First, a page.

The Detroit Pistons have filled their backup point guard vacancy with the impending signing of Ish Smith to a three-year deal.
Everyone knows I was on the Matthew Dellavedova boat. I was the skipper, chef, first mate and prisoner all tied up in one bundle. But now that news has come out that the Pistons have signed Smith, I'm going to attempt to walk everyone through what his strengths are and how he can make the Pistons better.
The first thing that comes to mind when you watch Smith play is his incredible speed with the basketball. But not only is he quick with the ball, but his units played quick. Let's look at some of the statistics, courtesy of NBA.com, as to the pace of Ish Smith's play.
|Player||MPG||Avg. Speed on Offense (mph)||Pace|
This serves as proof that Smith will bring a jolt of energy and speed to the Pistons bench unit, which was lacking last season. Everyone knew Reggie played slower, and while it was annoying, it generally fared OK. But the noticeable drop off to Steve Blake was suicidal, which is why Jennings looked so good those few weeks he played before getting traded.
Smith uses up almost 3 more possessions per game than Jackson, and he plays a much faster brand of basketball on offense. In terms of speed, Smith is tied for 3rd in the league in average speed on offense per game, while Jackson was well down the list (page 6 out of 10 on NBA.com).
Speed burns, and with a bevy of shooters on the bench unit, Smith will dash the court and find them for open looks in transition.
Take his stats in Philadelphia with a pinch of salt, but Smith was a very effective playmaker for a struggling 76ers squad last season. Smith played 77 games last season, 50 of those with Philly, and he racked up 7.0 assists per game for Brett Brown's team. He averaged 6.5 over the whole season thanks to a still-healthy 5.7 assists per game in 27 games for New Orleans.
What helps even further is that, over the course of the season, Smith only coughed up the ball 2.3 times per game, very efficient for someone playing 29.1 minutes per game. And it's not like he wasn't a dominant force on offense. Smith had a usage rate of 23.9 percent last season, yet a small turnover percentage of 14.4 percentage. For comparison, Jackson, who played about 1.6 more minutes per game, averaged 6.2 assists per game, and a turnover rate of 13.8 percent (with a high usage at 29.1 percent).
Smith also had a high assist rate of 38.3 percent compared to 36.3 percent for Jackson. Smith can be counted on to effectively lead an offense, and considering what he had around him in Philly, he shouldn't feel too out of place on the Detroit bench.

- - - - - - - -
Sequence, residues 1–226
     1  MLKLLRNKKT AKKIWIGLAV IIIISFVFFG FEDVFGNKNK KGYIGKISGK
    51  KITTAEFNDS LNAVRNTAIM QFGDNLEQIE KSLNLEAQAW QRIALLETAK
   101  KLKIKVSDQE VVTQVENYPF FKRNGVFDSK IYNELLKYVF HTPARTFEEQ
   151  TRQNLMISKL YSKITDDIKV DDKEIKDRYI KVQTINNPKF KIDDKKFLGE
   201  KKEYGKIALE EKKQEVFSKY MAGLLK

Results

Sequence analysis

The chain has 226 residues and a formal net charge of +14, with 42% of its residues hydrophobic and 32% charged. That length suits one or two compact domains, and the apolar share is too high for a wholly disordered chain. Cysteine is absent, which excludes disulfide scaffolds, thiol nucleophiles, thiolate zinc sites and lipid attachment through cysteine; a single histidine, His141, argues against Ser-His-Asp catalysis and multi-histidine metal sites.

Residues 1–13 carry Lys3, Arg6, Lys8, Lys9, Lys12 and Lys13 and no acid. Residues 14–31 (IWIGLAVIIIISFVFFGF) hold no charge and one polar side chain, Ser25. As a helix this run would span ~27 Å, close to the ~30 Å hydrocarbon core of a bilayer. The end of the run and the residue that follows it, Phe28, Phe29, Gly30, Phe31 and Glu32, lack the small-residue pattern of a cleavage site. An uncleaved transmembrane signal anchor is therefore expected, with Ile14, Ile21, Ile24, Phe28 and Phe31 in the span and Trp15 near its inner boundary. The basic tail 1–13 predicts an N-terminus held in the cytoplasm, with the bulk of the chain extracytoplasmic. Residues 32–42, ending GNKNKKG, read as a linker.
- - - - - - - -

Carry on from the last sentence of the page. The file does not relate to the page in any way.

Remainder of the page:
If there's one thing above all else here, Smith knows how to score the basketball. He averaged 12.6 points per game over the course of last season, and he has a strong proficiency and tendency to take the ball inside and finish at the hoop.
Despite his small stature, Smith was one of only 19 guards in the NBA to take at least 4.5 shots in the restricted area last season. He also had the fourth most drives per game in the NBA with more than 10 per game, and of players with at least 10 drives per game had the highest assist percentage. His issue is converting, as he only hit 53 percent of his attempts in the restricted area. Still, it's not hard to imagine what he can do with better offensive talent surrounding him.
He also has the endorsement of current Piston and former teammate in Phoenix, Marcus Morris (via Rod Beard at the Detroit News).
"I love Ish Smith from Philly. That's my guy. I played with him in Phoenix and he might be the best backup point guard in the league, in my opinion," said Morris, who watched the Pistons' summer league team in Orlando. "If we could get him, he could make our team a lot better on and off the court. He's a great teammate."
All in all, while you probably shouldn't feel exceptionally excited at the signing of Ish Smith, there's a lot to like, and perhaps it's a good thing Stan Van Bower did not get suckered into paying the big bucks (presumably) for a bigger name.
Not satisfied at all? Don't worry, there'll be a counterargument on why Smith is a terrible signing where you can vent your frustrations there. Let's keep this thread sunshine and lollipops, ok? Great.
UPDATE: Here's the counterpoint.